The rise of the ecosystem economy
The Rise of the
Think about it. Digitalisation is re-shaping the world
Physical borders no longer pose a limitation for competition; digital platforms have replaced and outmaneuvered traditional market operations, disrupting the system of intermediaries. Big data, cloud computing and machine learning offer a quantum leap forward in capabilities, and all these changes are taking place faster than ever before, through flexible, scalable systems.
In its recently published Digital Economy Framework for Action, the Singapore government identifies further shifts. It says that within these new ecosystems, “...value chains will converge. Barriers to entry will shift from large capital investments to large customer networks as distribution models shift from a single point to that of multiple nodes. Today's nascent ecosystems are the building blocks for tomorrow’s industry sectors.”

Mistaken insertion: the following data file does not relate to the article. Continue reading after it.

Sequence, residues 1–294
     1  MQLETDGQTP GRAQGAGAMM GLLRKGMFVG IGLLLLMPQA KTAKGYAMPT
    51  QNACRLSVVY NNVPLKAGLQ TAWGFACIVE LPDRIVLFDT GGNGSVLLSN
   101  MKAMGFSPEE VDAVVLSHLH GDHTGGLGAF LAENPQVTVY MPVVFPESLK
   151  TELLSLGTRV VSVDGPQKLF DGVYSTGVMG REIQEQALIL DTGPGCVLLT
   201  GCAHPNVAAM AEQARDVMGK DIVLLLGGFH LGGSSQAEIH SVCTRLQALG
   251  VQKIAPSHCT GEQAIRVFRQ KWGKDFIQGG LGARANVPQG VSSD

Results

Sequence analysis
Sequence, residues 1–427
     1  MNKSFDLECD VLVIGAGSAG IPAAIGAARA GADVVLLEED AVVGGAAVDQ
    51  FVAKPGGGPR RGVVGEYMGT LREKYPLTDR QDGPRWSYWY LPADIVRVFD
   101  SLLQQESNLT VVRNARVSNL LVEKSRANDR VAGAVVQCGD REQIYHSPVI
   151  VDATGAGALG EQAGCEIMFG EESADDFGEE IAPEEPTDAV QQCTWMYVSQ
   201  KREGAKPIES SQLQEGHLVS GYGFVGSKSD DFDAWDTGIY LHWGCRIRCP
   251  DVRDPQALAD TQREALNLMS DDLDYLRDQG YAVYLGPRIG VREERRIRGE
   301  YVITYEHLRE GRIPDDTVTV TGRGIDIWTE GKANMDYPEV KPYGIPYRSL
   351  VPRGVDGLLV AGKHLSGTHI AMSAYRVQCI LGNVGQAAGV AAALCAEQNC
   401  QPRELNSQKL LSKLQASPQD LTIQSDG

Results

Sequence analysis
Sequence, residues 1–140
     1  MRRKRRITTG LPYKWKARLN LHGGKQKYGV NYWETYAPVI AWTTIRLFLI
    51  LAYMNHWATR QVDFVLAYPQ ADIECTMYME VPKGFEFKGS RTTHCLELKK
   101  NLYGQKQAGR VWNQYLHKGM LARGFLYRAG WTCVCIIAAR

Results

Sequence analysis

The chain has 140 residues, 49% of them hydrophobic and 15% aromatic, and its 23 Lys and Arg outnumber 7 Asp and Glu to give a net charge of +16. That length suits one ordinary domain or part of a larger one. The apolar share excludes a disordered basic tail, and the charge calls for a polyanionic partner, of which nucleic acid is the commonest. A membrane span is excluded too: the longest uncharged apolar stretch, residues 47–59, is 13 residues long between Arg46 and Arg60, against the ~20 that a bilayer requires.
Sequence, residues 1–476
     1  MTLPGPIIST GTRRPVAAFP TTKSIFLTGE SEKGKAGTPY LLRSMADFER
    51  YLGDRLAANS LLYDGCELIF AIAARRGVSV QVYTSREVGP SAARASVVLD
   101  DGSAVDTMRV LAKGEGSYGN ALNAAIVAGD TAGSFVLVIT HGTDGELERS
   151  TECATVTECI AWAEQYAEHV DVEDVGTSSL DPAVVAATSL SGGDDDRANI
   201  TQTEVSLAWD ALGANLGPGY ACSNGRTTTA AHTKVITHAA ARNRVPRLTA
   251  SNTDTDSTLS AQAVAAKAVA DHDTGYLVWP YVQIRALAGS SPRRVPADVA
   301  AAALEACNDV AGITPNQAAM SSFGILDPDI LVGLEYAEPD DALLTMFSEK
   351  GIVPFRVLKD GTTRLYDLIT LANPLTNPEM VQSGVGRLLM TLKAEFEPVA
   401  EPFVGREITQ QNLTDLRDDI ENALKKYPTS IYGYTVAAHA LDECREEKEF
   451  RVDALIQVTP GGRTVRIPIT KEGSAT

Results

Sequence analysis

Today’s nascent ecosystems are the building blocks for tomorrow’s industry sectors.
Re-think the Strategy
Those who fail to rethink, and who remain fixed on industry silos are at risk of being left behind not just by customers, but also by investors.
The United Nations’ trend spotting World Investment Report 2018 talks widely of the new industrial revolution (NIR) and its effects globally, powered almost entirely by digital transformation.
United Overseas Bank (UOB) is a leading bank in Asia that is harnessing technology to make the banking experience simpler, smarter, safer and consistent for its customers across the region. According to its 2017 annual report, UOB had invested $1.2 billion in technology over the past four years to improve its digital capabilities and to create financial solutions that its customers need and to help enterprises grow.
For example, UOB launched UOB BizSmart, a cloud-based integrated business solution, to help small- and medium-sized enterprises (SMEs) reap the benefits of digital technology to increase productivity for better business performance. The solution enables SMEs to automate administrative processes such as accounting and payroll, which in turn reduces the time spent on administrative work.
Says Dennis Khoo, Head of Digital Bank and Digital Banking, UOB, “Through solutions such as UOB BizSmart, we are able to help SMEs benefit from the use of digital technology and to become more efficient and competitive.”
Over the past two years, more than 3,500 SMEs across the region have signed up for UOB BizSmart.